Never mind that many designers will cringe at the sight of exposed sets in living rooms, especially those prominently displayed. That opinion is so widely held among designers that some don't even like seeing TVs in plain sight even in more casual family rooms. But slim, sleek, flat-panel screens are changing our interior landscapes. This is particularly true for young people. They are very electronic in their thought processes, so the design for the main room's focal point is shifting. "I have a penthouse that is soft, modern and sleek. The fireplace isn't fussy. And the TV is so contemporary, it's almost like another piece of art," says Davis, a real estate broker.
Some designers find themselves resisting client pressure to show off the TV. "Not in a formal living room," Washington designer Lori Graham says. "I am a purist in that regard." She is putting a set in one living room grudgingly, she says, quickly adding, "It was a loft-like space whose style is much more modern and eclectic." Even there the TV is mounted in a grid of shelving.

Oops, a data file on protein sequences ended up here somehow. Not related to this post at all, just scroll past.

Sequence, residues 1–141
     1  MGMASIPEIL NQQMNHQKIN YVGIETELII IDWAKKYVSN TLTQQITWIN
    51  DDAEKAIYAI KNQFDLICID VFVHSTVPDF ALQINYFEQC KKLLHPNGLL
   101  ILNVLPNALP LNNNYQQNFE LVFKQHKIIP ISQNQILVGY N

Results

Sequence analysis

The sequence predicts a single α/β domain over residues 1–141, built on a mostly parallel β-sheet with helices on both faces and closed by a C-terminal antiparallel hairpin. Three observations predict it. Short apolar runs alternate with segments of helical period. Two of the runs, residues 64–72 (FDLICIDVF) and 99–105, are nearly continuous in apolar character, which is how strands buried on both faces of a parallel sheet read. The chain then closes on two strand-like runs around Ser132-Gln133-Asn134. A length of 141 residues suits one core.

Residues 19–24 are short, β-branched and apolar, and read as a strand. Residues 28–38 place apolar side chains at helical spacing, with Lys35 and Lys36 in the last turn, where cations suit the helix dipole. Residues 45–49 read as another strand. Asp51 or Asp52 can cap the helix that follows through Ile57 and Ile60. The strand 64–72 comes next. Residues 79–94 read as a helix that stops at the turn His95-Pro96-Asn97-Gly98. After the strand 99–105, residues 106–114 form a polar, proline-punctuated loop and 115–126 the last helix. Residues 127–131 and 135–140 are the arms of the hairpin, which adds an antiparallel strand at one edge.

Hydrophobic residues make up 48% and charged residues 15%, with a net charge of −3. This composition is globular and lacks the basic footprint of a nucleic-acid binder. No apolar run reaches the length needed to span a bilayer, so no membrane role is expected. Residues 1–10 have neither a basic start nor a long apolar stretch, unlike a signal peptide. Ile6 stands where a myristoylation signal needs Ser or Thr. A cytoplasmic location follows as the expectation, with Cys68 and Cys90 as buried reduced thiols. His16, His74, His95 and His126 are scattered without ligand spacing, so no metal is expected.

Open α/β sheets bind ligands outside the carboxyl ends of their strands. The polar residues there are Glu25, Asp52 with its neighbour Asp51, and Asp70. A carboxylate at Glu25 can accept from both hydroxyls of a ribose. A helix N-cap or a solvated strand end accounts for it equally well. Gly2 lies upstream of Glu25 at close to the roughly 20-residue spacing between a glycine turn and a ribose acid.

"I will not ever put one over a fireplace," declares D.C. designer Susan Vallon. "It is a traditionally warm gathering place and focal point, and you are negating the whole thing by putting a TV there. I would rather have people drywall over the fireplace and remove it as a center of attention."Rather than being so dramatic as to drywall over a major architectural feature we understand the need of our clients to want the option of occasional entertainment when they would enjoy a TV in their living room and above their fireplace. Be it New Years and your guests want to see the ball drop or the yearly football/Thanksgiving dinner... Finding 'designer-acceptable' solutions is more challenging than trying to swim against flow.